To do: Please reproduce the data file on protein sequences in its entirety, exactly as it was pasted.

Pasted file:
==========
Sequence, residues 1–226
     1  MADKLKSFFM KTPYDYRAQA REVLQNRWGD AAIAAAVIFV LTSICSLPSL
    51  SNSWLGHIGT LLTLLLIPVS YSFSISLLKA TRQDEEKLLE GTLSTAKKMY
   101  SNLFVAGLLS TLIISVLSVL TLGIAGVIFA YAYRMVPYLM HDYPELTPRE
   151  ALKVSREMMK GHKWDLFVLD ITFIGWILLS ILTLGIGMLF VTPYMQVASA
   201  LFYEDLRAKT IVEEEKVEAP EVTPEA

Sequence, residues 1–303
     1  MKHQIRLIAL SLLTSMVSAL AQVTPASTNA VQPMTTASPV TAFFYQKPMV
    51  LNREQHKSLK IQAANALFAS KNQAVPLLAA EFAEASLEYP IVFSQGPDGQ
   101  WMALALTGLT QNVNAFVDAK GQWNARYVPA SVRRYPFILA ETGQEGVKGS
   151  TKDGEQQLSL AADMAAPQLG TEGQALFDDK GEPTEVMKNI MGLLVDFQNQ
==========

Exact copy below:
Sequence, residues 1–226
     1  MADKLKSFFM KTPYDYRAQA REVLQNRWGD AAIAAAVIFV LTSICSLPSL
    51  SNSWLGHIGT LLTLLLIPVS YSFSISLLKA TRQDEEKLLE GTLSTAKKMY
   101  SNLFVAGLLS TLIISVLSVL TLGIAGVIFA YAYRMVPYLM HDYPELTPRE
   151  ALKVSREMMK GHKWDLFVLD ITFIGWILLS ILTLGIGMLF VTPYMQVASA
   201  LFYEDLRAKT IVEEEKVEAP EVTPEA

Sequence, residues 1–303
     1  MKHQIRLIAL SLLTSMVSAL AQVTPASTNA VQPMTTASPV TAFFYQKPMV
    51  LNREQHKSLK IQAANALFAS KNQAVPLLAA EFAEASLEYP IVFSQGPDGQ
   101  WMALALTGLT QNVNAFVDAK GQWNARYVPA SVRRYPFILA ETGQEGVKGS
   151  TKDGEQQLSL AADMAAPQLG TEGQALFDDK GEPTEVMKNI MGLLVDFQNQ